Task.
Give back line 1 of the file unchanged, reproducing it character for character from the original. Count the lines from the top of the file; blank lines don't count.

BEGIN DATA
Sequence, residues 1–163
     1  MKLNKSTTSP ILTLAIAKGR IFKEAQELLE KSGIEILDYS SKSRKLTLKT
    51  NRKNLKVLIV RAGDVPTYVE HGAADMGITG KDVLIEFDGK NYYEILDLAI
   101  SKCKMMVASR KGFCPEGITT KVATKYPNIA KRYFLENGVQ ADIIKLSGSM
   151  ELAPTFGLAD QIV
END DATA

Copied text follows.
Sequence, residues 1–163